Taking out the trash - page 2

Are any of you expected to take out the trash at work? I'm not talking about picking up after yourself in general, but taking the bag of trash to the soiled utility room. I got offended when a... Read More

  1. by   roxannekkb
    Quote from RNPATL
    Ok - I can agree that a tidy room is within the nurses realm of reasonable responsibility. I can also agree that if the trash is overflowing that is should be taken out of the room. I am totally committed to the patient's comfort, but there are limits to what nurses should have to do . I have all I can do to manage my patient assignment most days let alone take out garbage. By the time my shift is getting ready to end, I generally still have 3 hours of work to do in about 30 minutes :angryfire . Trust me, taking out the garbage is the last thing on my priority list. I have to agree with VAC in that nurses have a lot of stuff thrust upon them to do. I think that meeting my patient's clinical needs takes priority over taking out garbage. Am I wrong here :uhoh21: ?
    I agree, taking out the trash is not a priority. Maybe I'm one of the lone voices of dissent, but taking out trash is not part of a nurse's job. And it's not a matter of it "Being beneath you," it's a matter of how one defines their job. I can see if it's really overflowing in a patient's room, but it should not be a routine thing, and housekeeping should be called. And if housekeeping is spread thin, ie, like the hospital trying to save money, then complain about it. If nurses keep doing everyone else's jobs, the work just gets piled on.

    Do the unit secretaries pull the trash? Do the doctors? Do the respiratory therapists? Do the pharmacists? So why does everything automatically fall to the nurse. What next? Will it become part of the job description--pull linens and trash? Don't laugh, when I was working in the mid-1990s, it was part of it. I refused, but other nurses did it.

    Will mopping the floor come next? Preparing meals? Laundry? How many of you work in units without full time clerks? Do you have to answer phones, do charts, etc?

    Nurses fought hard to get rid of these chores, so they could spend time doing clinical work. And now it seems it's coming back around.

    Sorry, but I don't see it as a nurse's job. Let the CEO come down and pull the trash, or the nurse manager, or the department head. The more you do, the more management will just heap upon you.
  2. by   Marie_LPN, RN
    Quote from VAC
    What would you think if you went to a dentist, lawyer or gynecologist and you saw them taking out the garbage at their place of business. Aren't we also professionals? Let me know if my thinking is off the wall before I fire off an E-mail to my manager. And thanks for letting me rant :angryfire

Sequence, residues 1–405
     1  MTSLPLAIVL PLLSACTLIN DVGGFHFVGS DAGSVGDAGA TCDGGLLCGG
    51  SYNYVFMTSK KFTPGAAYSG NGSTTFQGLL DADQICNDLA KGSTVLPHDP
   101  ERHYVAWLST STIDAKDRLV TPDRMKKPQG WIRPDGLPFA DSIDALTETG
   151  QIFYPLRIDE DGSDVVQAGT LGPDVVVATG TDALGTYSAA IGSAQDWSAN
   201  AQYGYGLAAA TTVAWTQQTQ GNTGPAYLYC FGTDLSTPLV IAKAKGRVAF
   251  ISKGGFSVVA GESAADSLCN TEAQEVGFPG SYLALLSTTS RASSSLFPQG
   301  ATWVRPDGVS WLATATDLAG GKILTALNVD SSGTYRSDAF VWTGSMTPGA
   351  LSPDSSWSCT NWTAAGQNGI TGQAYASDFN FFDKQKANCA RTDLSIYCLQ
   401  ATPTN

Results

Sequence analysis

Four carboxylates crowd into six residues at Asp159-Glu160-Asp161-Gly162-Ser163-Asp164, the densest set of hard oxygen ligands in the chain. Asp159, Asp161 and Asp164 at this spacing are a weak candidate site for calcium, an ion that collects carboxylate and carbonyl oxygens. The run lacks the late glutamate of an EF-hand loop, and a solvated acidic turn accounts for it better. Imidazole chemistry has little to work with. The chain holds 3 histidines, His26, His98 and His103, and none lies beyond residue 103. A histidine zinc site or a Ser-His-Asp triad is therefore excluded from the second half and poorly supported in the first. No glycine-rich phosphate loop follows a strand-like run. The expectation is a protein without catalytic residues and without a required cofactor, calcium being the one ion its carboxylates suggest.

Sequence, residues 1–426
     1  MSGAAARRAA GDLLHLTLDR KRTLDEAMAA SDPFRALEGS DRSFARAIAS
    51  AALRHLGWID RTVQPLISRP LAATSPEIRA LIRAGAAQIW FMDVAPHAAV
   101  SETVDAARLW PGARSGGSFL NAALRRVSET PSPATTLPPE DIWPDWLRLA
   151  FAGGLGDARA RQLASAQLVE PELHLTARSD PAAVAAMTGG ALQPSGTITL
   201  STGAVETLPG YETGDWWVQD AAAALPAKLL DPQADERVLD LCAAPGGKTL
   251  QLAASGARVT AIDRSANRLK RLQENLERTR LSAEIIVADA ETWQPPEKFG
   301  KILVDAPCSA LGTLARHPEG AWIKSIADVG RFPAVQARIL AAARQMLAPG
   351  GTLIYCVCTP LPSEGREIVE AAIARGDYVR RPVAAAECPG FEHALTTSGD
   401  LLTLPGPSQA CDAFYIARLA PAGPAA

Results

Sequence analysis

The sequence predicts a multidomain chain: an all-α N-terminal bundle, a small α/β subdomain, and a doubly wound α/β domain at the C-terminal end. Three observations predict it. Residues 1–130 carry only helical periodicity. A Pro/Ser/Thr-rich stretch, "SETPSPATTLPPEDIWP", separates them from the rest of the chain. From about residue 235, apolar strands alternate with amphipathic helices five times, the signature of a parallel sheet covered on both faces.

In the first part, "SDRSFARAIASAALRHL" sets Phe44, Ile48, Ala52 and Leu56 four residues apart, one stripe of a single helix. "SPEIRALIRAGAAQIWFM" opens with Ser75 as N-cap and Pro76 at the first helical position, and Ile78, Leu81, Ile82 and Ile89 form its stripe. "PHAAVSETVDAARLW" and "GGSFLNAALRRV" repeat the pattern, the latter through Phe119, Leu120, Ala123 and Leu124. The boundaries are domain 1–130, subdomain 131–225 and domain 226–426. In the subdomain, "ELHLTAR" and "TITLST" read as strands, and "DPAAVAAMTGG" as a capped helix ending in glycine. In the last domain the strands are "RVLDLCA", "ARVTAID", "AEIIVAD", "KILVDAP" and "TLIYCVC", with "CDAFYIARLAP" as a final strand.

Wouldn't fire off anything to the manager. That might come across as thinking that you're too good to take out the trash. And that wouldn't look good.
  3. by   CCU NRS
    Quote from RNPATL
    Ok - I can agree that a tidy room is within the nurses realm of reasonable responsibility. I can also agree that if the trash is overflowing that is should be taken out of the room. I am totally committed to the patient's comfort, but there are limits to what nurses should have to do . I have all I can do to manage my patient assignment most days let alone take out garbage. By the time my shift is getting ready to end, I generally still have 3 hours of work to do in about 30 minutes :angryfire . Trust me, taking out the garbage is the last thing on my priority list. I have to agree with VAC in that nurses have a lot of stuff thrust upon them to do. I think that meeting my patient's clinical needs takes priority over taking out garbage. Am I wrong here :uhoh21: ?
    I did not see this as a question of prioritites personally. I thought the question was should you empty trash, If you have urgent medical needs then of course you are not going to stop performing important medical interventions in favor of emptying the trash, but if your shift is ending and you have completed the tasks that need to be completed, and the trash is full then by all means leave the room in a clean orderly manner for your replacement. If you clean someone of incontinance and there is a large stool in the linens you remove you do take the linen bag out to the dirty utility room right? I mean you don't leave the dirty linens in the room stinking your Pt out of the room do you? Trash is dirty and smelly and if it is full should be taken out, if you can get a housekeeper to come and empty the trash then more power to you. One of my pet peeves is a person (any person not just nurses) that will go out of their way to avoid doing some minor easy task and chase someone all over the unit and make two phone calls and then complain about the time it took to get someone else to do a task that could have been easily performed by the person in a matter of seconds and the entire issue is just an excuse to waste time and effort.

    example: call light is on nurse walks in the room and asks what the Pt needs? They say they would like water pitcher filled. Nurse will walk to the other end of the hall and search for this Pts nurse and find her/him perfroming some other task say passing a pain med and they tell that nnurse your Pt in room so & ao would like a pitcher of water.

    This person that answered the call light could have more easily just taken the pitcher to the ice/water machine filled it and returned and been done if you are not sure if they are NPO check the chart on your way and find out this is still much easier and more efficient than chasing down a nurse and then telling her/him about the probelm.